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35 Responses to Starship Radiators

  1. A very mass efficient design is to eliminate the pipes altogether and spray droplets of a low vapor pressure liquid into space, to then be collected and recirculated. This idea was worked out in considerable detail in the early 1980′s:

    http://arc.aiaa.org/doi/abs/10.2514/3.62557
    http://www.sciencedirect.com/science/article/pii/0094576585901304
    http://www.sciencedirect.com/science/article/pii/0094576582900844
    http://arc.aiaa.org/doi/abs/10.2514/3.25077

    Studies showed these systems to have one tenth the mass of the equivalent heat pipe radiators.

    • Michel Lamontagne says:

      Thank you for the links. This idea was raised in the conclusion of the post, and it’s possible we may decide in favor of droplet radiators as the design progresses. One difficulty I see is the low emissivity of liquid metals, that increases the weight. One tenth of the mass seems very optimistic though, since most of the mass at these temperatures is the coolant itself,and I don’t see how liquid droplet radiators could reduce the coolant weight.

  2. Antonio says:

    Hi,

    in Equation 1, the last “p” should be absent.

  3. Antonio says:

    Very nice article. Will there be similar articles about other parts of the starship?

    • Michel Lamontagne says:

      I don’t know about the others, but I’m working on ‘A plumbers guide to stardrives’ about pumps and pipes, and another post about deuterium production.

  4. Petr says:

    Using deuterium both for propulsion and radiative cooling would seem very efficient, if the low heat conductivity could be solved.
    There are interesting gas heat exchangers developed by REL, ltd for Skylon. They are meant to operate in atmosphere and with lower temperatures than above discussed, but it is surely worth a look…

    http://www.reactionengines.co.uk/heatex_rel.html

    • Michel Lamontagne says:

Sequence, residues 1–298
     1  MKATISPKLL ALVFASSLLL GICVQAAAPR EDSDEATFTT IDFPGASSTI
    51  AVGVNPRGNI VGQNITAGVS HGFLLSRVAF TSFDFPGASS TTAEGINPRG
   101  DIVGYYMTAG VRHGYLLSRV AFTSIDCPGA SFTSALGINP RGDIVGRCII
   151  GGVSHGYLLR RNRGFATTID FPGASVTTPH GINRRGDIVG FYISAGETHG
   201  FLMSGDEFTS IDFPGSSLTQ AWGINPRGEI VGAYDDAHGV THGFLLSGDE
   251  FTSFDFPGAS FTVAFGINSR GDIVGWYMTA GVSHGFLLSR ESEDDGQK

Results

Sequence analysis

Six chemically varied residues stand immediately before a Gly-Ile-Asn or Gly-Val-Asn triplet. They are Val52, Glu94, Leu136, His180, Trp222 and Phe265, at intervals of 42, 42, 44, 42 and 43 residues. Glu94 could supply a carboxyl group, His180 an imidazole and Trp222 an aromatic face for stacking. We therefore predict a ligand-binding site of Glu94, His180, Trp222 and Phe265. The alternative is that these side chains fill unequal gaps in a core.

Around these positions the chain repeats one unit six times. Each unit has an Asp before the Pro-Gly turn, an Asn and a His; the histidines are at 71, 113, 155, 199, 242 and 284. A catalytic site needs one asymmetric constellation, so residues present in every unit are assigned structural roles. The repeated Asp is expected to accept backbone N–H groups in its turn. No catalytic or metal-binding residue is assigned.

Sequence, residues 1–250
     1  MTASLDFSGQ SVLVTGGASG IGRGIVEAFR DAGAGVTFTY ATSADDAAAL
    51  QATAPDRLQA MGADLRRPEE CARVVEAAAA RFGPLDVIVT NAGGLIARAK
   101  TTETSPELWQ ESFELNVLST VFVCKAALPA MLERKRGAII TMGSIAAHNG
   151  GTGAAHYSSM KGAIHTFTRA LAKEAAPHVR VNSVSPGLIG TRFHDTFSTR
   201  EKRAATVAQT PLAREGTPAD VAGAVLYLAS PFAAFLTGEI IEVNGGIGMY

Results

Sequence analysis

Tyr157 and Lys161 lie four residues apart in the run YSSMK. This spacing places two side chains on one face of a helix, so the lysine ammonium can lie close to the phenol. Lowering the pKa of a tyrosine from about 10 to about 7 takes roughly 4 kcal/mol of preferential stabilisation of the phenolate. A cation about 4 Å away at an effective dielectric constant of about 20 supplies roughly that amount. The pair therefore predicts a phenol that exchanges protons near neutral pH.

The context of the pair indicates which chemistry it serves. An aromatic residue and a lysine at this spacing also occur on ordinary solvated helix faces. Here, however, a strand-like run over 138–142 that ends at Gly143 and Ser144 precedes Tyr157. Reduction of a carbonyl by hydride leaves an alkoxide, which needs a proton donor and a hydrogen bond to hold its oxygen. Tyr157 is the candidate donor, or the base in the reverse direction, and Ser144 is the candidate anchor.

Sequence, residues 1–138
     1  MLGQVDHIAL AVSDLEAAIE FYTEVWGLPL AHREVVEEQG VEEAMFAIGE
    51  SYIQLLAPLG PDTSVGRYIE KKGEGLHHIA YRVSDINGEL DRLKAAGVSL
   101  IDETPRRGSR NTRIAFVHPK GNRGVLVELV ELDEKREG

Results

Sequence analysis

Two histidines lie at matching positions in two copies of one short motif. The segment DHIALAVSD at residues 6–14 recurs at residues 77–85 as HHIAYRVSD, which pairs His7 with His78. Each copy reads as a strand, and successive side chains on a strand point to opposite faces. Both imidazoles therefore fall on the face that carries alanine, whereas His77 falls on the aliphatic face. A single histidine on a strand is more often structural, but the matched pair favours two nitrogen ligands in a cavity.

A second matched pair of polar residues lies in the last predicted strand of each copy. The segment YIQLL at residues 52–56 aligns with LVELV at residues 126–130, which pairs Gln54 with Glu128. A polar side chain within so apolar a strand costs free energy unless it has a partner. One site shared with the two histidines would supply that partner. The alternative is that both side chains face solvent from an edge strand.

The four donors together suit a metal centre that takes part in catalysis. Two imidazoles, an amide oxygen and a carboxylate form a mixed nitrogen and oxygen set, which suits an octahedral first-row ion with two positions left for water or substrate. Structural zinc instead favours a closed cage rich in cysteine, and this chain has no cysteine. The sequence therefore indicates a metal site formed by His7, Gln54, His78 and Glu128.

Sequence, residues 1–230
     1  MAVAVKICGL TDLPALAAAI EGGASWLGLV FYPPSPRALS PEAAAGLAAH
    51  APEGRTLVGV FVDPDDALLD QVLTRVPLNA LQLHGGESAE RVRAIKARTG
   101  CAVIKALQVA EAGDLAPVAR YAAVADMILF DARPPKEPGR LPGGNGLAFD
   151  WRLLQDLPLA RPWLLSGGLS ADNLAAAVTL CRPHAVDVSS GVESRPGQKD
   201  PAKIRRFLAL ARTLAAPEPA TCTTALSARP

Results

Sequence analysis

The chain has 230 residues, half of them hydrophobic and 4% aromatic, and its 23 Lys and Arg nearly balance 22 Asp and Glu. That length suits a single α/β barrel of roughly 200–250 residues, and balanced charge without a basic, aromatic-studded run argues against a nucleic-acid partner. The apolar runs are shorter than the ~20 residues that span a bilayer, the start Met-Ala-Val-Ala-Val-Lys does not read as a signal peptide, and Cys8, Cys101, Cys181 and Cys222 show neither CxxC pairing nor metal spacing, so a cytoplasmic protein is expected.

This looks like a great design to use for the radiation shield, where the coolant will be moving through the radiation absorbing material at high pressure and high velocity. This is also encouraging regarding the radiators themselves, that will be rather like this exchanger, but rolled out flat, and painted high emissivity black. One challenge will be the circuit and valve design to isolate tubing in case of leaks. I hope the use of the maintenance robots for repairs, rather than depending on robust radiators to stand up to years of wear and impacts will allow us to reduce the weight of the system.

  5. Gerry says:

    For an interstellar vessel high exhaust velocity is paramount. But a design like this could be adapted for travel within our solar-system. The radiator fins could be replaced by a system that ejects the waste heat through a stream of rocket propellant; perhaps hydrogen or even water. This would entail carrying a greater mass of propellant, and would afford a higher acceleration in exchange for a lower exhaust-velocity, which would probably work pretty well for quick travel around our Solar System. And an interplanetary-scale economy is often considered to be one of the necessary conditions for the construction of large, high-power interstellar vehicles.

    • Michel Lamontagne says:

      Yes, the Icarus is rather overpowered for travel in the solar system. However this will mean it can get around in the target system with very little fuel, perhaps allowing us do do away with most of the sub probes (except landers, of course!)
      I agree water is an excellent add-in for a fusion drive, reducing power for more optimised ISP. However, there will not be enough water to compensate for the heat produced by the drive, since we will still be using a few kg per second. The water itself will dissociate and turn into plasma, and the neutrons will still be there, streaming through everything. We might be able to have much smaller radiators, though, and perhaps even get away with a ‘hot tank of gas’ type of shield between the drive and the more sensitive parts of the ship.

      • Gerry says:

        Michel, thanks for your response. What kind of range of performance could this drive produce in combination with a diluent (water, etc.)? I suppose it has to do with the heat capacity of the “diluting” propellant, and the resulting mass flow and velocity. Could the ISP and thrust be adjusted by, say, a factor of ten by adding more or less propellant to the fusion plasma, allowing the same drive system to function both in a “low” gear and a “high” gear mode, similar in principle to a VASIMR, but pulsed of course? That would be quite a versatile vehicle!

        • Hi Gerry; the Icarus is not well designed for travel in the solar system. It’s designed to fire it’s drive for 15 years, and the requirements for the solar system are more in the range of 15 days. So let’s say you want a 1500 ton ship, with 500 tons of cargo. And you have plenty of water, for a mass ratio of 4 and a total ship weight of 6000 tons. A 27 GW drive (about 1:500 the power of Icarus), burning a few grams per second of deuterium, and adding about 2,5 kg/s of water, will give you an ISP of 14 000 seconds, and deltaV of 200 km/s which gets you to Mars or Venus and back in a few weeks, or Jupiter in a month or so.